Expert: Malvo said he was spotter, not shooter
Psychologist says Malvo blamed himself for failure of 'mission'
Malvo's attorneys say he was under Muhammad's control during the killings.
CHESAPEAKE, Virginia (CNN) -- A defense psychologist testified Monday afternoon that sniper suspect Lee Boyd Malvo told him convicted killer John Allen Muhammad shot an FBI analyst to death in October 2002.
In a taped confession, Malvo had said he was the shooter, and prosecutors built their case based on that scenario.
But psychologist Dewey Cornell said Malvo told him he was the spotter, and told Muhammad, "SAC one, go" -- "the sign that it was clear to take a shot," Cornell said.
Malvo, who was 17 during the attacks, is charged with capital murder, terrorism and use of a firearm in the commission of a felony in the death of FBI analyst Linda Franklin outside a Home Depot in Falls Church, Virginia, on October 14, 2002. He could face the death penalty.
Franklin was one of 10 people who were killed in the sniper shootings that terrorized Washington, D.C., and outlying areas of Maryland and Virginia for three weeks last fall. Three more people were wounded.
Muhammad was convicted last month of murder in another shooting, and the jury recommended a death sentence.
Prosecutors in his trial in nearby Virginia Beach contended that both the shooter and spotter were equally culpable in the attacks.
In the Malvo trial, however, prosecutor Robert Horan Jr. has said he must prove Malvo was the shooter under the capital murder statute in order to obtain the death penalty.
Cornell said Malvo's confession -- made to Fairfax County police and the FBI -- was "inaccurate," and was an attempt to spare Muhammad a death sentence.
The psychologist testified that Malvo told him "he was the spotter on every [sniper] shooting up until the last one," contradicting the statements he made to police.
"Lee always admitted that he was involved in the shooting with Mr. Muhammad," Cornell said. But the psychologist said he believes Malvo took the blame because he blamed himself "for the failure of the mission" when they were captured. Malvo was supposed to have been on lookout when they were captured, police said.
His attorneys don't dispute that he took part in the attacks, but contend he "accepts far too much responsibility" in confessing to pulling the trigger in virtually all of the shootings.
They argue that Malvo was influenced by Muhammad and are using an insanity defense.
Cornell also testified that Malvo's stormy childhood compelled him to seek a relationship with Muhammad.
"His mother was a disciplinarian. His mother was abusive to him. ... His mother not only believed in spanking but believed in beatings, and she beat him frequently," said Cornell, a clinical psychologist and professor at the University of Virginia. "He spent a fair amount of time hiding from her."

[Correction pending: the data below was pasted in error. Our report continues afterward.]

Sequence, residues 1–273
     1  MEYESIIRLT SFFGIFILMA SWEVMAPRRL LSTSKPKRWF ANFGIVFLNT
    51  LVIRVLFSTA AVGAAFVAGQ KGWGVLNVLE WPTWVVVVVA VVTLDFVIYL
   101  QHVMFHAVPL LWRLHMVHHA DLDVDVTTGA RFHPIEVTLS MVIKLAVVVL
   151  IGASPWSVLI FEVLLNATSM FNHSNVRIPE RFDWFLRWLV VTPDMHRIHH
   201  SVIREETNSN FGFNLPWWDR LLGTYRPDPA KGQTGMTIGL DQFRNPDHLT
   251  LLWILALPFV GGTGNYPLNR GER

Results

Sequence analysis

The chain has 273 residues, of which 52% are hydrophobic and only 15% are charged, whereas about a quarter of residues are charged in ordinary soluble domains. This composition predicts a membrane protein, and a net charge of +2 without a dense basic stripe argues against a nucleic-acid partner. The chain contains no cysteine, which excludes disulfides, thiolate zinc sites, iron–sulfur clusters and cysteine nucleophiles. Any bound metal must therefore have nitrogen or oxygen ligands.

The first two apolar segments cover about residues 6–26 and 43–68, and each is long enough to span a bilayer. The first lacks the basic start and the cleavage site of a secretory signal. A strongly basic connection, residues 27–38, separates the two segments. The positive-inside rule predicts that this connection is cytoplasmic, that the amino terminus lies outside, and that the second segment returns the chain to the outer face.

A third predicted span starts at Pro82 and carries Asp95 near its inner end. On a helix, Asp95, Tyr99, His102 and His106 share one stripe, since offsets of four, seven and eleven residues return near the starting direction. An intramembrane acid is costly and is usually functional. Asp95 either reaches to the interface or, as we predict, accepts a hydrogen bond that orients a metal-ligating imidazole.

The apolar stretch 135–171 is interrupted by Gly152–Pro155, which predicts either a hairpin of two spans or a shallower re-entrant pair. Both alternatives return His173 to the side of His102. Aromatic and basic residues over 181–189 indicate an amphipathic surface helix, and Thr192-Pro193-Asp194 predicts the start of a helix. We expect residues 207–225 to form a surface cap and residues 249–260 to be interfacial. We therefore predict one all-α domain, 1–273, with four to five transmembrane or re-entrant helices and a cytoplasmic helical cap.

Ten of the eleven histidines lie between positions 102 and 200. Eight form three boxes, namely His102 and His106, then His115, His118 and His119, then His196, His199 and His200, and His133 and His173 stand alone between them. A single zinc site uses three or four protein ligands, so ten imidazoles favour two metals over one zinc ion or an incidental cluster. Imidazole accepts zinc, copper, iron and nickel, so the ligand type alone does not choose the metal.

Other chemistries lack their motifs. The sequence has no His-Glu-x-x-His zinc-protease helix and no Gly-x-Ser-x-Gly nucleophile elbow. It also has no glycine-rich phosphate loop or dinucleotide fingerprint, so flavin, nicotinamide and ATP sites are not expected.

Cornell testified that Malvo was about 15 when he met Muhammad at an electronics store on the Caribbean island of Antigua, and considered the older man a mentor and father figure.
The psychologist said Malvo was susceptible to indoctrination by Muhammad because of the absence of his father and frequent beatings by his mother.
Malvo revealed to Cornell that he once tied a sheet to a tree limb and climbed up on a chair, threatening to kill himself. Malvo's mother talked him down, Cornell said, but beat him for the incident.
Cornell said Malvo also was influenced by violent films and video games.
The defense showed jurors an eight-minute clip from the 1999 movie "The Matrix," a futuristic, special effects-filled action film, which attorneys said helped influence Malvo's turn to violence. Cornell said Malvo told him he had seen the movie about 100 times.
Malvo and Muhammad came to the United States in mid-2001, Cornell testified, and Malvo "was fully indoctrinated by John Muhammad during this time."
The psychologist said Malvo told him that in the course of the sniper shootings, whenever he had misgivings about what they were doing, Muhammad was either there to counsel him -- or he would hear Muhammad's voice in his imagination.
Malvo began traveling with Muhammad about January 2002, 10 months before the sniper shootings. Cornell testified that Muhammad began training Malvo "full time" for a mission.
Cornell testified that Muhammad "psychologically indoctrinated" Malvo by isolating him from family and friends, exposing him to violent videos and games, training him how to use weapons and tactics, controlling his diet, personal hygiene and sleep, and lecturing him repeatedly about his political philosophy.
It was not until late May 2003, more than seven months after their arrest, that Malvo began breaking away from the older man's influence, Cornell said.
Malvo, he said, began to realize that Muhammad's vision to create a utopia with the proceeds of the sniper shootings did not make sense, asking, "If Allah was behind this, how could we fail?"
In all, Malvo and Muhammad are suspected of killing 13 people and wounding six in several states.
CNN's Mike Ahlers contributed to this report.